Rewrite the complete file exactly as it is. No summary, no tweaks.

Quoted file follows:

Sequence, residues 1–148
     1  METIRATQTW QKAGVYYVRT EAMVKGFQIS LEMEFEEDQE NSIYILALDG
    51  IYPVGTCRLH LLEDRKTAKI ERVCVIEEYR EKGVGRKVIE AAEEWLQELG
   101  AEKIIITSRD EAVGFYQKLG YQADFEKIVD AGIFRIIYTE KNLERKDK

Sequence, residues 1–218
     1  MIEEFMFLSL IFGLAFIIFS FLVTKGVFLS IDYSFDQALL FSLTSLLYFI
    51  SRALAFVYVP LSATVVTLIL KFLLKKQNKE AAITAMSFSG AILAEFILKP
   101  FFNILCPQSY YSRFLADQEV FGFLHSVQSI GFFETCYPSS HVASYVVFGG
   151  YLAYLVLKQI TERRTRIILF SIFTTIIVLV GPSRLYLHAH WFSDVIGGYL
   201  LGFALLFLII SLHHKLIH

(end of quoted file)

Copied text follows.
Sequence, residues 1–148
     1  METIRATQTW QKAGVYYVRT EAMVKGFQIS LEMEFEEDQE NSIYILALDG
    51  IYPVGTCRLH LLEDRKTAKI ERVCVIEEYR EKGVGRKVIE AAEEWLQELG
   101  AEKIIITSRD EAVGFYQKLG YQADFEKIVD AGIFRIIYTE KNLERKDK

Sequence, residues 1–218
     1  MIEEFMFLSL IFGLAFIIFS FLVTKGVFLS IDYSFDQALL FSLTSLLYFI
    51  SRALAFVYVP LSATVVTLIL KFLLKKQNKE AAITAMSFSG AILAEFILKP
   101  FFNILCPQSY YSRFLADQEV FGFLHSVQSI GFFETCYPSS HVASYVVFGG
   151  YLAYLVLKQI TERRTRIILF SIFTTIIVLV GPSRLYLHAH WFSDVIGGYL
   201  LGFALLFLII SLHHKLIH